Carpenter v. Snipes

Decision Date31 October 1950
Docket NumberNo. 33512,33512
Citation203 Okla. 534,223 P.2d 761
PartiesCARPENTER v. SNIPES et al.
CourtOklahoma Supreme Court

Syllabus by the Court.

1. A demurrer to the evidence admits every fact which the evidence, in the slightest degree, tends to prove, and all inferences and conclusions which can be reasonably and logically drawn therefrom; and if there is a conflict in the evidence, that which is unfavorable to the party against whom the demurrer is directed is to be considered withdrawn.

2. In an action to recover damages for personal injuries, a demurrer to plaintiff's evidence should be overruled where there is competent evidence reasonably tending to support plaintiff's cause of action.

3. Where the evidence is such that reasonable men may fairly differ as to whether the facts constitute negligence, the question is one for the jury to decide.

4. Where the trial court sustains a demurrer to plaintiff's evidence and the record does not show that at the time plaintiff saved exceptions to such order but the record does show that the court later stated from the bench that the court had allowed plaintiff an exception to said order and the journal entry of judgment recites that plaintiff was allowed an exception to said order, the record is sufficient to preserve such exception.

Russell Morgan, Lee Gill, Oklahoma City, for plaintiff in error.

Richardson, Shartell, Cochran & Pruet, F. M. Dudley, Gilliland, Ogden, Withington, Shirk & Vaught, Oklahoma City, for defendants in error.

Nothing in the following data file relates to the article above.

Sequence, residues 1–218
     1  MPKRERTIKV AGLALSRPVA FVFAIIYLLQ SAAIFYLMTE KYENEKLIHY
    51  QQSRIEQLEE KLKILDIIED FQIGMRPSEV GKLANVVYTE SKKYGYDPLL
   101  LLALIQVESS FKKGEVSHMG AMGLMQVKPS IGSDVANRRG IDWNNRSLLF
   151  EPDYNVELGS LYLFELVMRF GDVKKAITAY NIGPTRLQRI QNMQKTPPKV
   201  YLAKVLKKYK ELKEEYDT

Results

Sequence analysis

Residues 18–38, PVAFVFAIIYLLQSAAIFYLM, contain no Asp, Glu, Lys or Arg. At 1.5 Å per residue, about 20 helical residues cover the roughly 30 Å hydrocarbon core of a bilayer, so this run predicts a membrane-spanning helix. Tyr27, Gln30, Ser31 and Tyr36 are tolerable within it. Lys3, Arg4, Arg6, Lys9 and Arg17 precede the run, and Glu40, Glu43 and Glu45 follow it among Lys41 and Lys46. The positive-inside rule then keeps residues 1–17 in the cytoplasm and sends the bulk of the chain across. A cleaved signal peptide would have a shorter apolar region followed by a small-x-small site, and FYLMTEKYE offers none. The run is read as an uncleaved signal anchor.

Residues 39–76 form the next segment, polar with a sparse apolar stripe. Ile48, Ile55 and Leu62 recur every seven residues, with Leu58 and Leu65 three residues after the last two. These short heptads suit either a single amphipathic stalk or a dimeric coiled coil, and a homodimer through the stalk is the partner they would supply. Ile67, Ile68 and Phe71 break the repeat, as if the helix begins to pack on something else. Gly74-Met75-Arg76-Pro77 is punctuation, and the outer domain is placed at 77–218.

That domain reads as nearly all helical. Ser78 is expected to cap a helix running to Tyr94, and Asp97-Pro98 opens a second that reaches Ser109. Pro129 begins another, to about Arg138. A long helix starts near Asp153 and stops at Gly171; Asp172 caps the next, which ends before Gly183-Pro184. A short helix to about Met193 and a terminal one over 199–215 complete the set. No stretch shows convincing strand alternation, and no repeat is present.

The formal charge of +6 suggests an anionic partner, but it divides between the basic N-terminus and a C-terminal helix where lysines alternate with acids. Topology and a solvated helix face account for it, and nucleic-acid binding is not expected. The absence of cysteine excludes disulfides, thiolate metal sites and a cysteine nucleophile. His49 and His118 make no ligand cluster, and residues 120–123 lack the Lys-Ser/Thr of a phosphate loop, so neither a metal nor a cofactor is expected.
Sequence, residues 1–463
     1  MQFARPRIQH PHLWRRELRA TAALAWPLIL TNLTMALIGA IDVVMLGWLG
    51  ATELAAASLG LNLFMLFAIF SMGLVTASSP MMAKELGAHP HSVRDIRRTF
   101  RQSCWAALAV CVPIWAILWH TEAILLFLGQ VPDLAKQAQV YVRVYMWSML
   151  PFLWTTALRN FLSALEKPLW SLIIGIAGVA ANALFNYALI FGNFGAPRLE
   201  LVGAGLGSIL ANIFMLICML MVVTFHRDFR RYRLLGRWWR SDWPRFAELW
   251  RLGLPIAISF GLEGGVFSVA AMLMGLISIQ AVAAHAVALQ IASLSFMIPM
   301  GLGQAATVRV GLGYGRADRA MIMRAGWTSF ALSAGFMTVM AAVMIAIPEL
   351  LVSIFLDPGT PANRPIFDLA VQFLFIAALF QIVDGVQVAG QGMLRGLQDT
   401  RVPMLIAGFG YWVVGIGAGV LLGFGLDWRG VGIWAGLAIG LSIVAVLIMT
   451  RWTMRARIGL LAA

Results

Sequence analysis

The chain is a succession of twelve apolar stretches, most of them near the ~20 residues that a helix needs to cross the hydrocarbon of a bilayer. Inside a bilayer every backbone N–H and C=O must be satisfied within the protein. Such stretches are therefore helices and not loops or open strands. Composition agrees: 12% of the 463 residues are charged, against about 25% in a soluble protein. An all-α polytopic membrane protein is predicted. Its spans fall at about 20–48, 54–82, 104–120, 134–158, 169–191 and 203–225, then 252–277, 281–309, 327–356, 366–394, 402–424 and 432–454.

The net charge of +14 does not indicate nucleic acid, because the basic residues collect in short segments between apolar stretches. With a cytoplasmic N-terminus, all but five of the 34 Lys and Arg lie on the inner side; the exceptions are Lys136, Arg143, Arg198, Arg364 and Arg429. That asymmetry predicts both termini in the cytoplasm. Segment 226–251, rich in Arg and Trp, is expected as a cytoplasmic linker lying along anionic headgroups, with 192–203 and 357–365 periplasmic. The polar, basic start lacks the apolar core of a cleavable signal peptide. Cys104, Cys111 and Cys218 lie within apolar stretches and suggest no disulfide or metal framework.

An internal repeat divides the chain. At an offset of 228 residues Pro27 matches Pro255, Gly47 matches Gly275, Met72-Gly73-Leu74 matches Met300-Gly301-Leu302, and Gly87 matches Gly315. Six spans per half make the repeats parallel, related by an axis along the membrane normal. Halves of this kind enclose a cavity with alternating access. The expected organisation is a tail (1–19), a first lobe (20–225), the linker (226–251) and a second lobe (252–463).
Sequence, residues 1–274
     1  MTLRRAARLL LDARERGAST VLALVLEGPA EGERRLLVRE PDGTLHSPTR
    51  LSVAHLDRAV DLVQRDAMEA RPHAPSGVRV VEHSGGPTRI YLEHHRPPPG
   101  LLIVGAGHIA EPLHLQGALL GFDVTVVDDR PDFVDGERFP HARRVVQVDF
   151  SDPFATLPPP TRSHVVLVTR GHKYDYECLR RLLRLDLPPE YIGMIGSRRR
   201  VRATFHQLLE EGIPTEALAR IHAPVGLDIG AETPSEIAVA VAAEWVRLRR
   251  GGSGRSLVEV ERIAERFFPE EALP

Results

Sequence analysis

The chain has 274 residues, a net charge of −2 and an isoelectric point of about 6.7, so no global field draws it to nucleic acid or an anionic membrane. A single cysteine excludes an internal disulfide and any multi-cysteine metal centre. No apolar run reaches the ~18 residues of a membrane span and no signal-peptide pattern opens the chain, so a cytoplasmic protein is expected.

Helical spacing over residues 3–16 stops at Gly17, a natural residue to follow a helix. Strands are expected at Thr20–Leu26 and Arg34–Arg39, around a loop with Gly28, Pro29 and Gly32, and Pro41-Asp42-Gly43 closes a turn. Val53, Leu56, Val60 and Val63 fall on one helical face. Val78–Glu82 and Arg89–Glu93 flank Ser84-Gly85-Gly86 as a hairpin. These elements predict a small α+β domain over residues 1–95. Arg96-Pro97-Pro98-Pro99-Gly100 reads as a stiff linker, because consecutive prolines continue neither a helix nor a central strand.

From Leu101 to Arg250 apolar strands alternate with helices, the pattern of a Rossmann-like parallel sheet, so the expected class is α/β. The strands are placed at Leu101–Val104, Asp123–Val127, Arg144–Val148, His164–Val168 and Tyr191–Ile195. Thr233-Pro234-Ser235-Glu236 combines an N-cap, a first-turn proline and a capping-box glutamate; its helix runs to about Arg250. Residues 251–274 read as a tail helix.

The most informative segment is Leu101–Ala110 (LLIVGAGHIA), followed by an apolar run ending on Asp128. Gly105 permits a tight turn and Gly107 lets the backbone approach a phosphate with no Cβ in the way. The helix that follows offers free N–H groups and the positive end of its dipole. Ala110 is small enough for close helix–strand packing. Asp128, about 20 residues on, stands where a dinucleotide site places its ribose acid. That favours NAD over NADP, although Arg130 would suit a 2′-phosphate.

O'NEAL, Justice.

This is an appeal from a judgment for defendants in an action to recover damages for personal injuries.

On October 8, 1946, there was a collision of a truck-trailer and an automobile at the intersection of Northeast 36th Street and U. S. Highway 66, also U. S. Highway 77, and also referred to as Lincoln Boulevard. Said intersection was just outside the limits of Oklahoma City, the south line of Northeast 36th Street at that point being the north limits of Oklahoma City.

Plaintiff, Mary Eva Carpenter, was a guest passenger in an automobile driven by Rebecca Jane Stowers, and owned by W. Lloyd Stowers. Defendant, Evi B. Farley Snipes, was driving a truck-trailer as an employee of Robberson Steel Company.

The truck-trailer was proceeding on Northeast 36th Street going West. The automobile was going south on U. S. Highway 66. At that time there were stop signs on Northeast 36th Street about 125 feet east of the center line of the intersection. There was no stop sign on U. S. Highway 66. Plaintiff, Mary Eva Carpenter, was injured in the collision, and thereafter commenced this action against Snipes, Robberson Steel Company, a corporation, Rebecca Jane Stowers and W. Lloyd Stowers to recover damages for her personal injuries. In her amended petition plaintiff alleged negligence on the part of defendant, Snipes, and Robberson Steele Company, in that Snipes, the driver of said truck-trailer:

'* * * Carelessly, recklessly, and in gross disregard of the rights of plaintiff, failed either to slow down substantially or to stop between said stop sign and the place of said collision at some point where he could reasonably see southbound traffic, such as said automobile, and thereby avoid any collision, when, he then knew or should have known, said stop sign was there as a warning to west-bound traffic upon said Thirty-sixth street to stop there, and traffic upon said Lincoln Highway would reasonably expect such west-bound traffic to recognize and obey said stop sign or at the least to slow down substantially at said stop sign or between it and said intersection, and the traffic there upon said Lincoln Highway was likely to be heavy, and said stop sign was there to indicate this fact to drivers of such west-bound traffic and the view there to the northward of drivers of such westbound traffic was obstructed as aforesaid, and said tractor-trailer was a long, heavy and unwieldy vehicle, and, therefore, the more likely to obstruct said intersection dangerously by totally or almost totally blocking the way of traffic there upon said Lincoln Highway.